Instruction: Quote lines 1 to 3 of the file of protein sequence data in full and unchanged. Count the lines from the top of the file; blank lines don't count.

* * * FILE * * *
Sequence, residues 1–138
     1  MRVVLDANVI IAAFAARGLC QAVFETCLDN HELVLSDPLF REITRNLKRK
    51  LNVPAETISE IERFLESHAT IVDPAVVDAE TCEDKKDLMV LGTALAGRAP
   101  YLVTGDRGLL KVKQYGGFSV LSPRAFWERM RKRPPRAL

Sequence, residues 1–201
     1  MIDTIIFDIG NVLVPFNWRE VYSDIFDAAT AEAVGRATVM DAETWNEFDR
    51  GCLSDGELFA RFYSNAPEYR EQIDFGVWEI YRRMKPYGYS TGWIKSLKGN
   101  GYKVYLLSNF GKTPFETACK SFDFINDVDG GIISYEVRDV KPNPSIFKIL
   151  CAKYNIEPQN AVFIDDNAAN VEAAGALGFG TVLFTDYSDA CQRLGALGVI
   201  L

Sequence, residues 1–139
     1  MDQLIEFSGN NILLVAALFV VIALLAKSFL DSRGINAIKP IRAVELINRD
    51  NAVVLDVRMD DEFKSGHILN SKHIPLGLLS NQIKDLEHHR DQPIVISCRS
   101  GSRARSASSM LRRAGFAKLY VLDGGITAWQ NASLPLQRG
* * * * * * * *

Sequence, residues 1–138
     1  MRVVLDANVI IAAFAARGLC QAVFETCLDN HELVLSDPLF REITRNLKRK
    51  LNVPAETISE IERFLESHAT IVDPAVVDAE TCEDKKDLMV LGTALAGRAP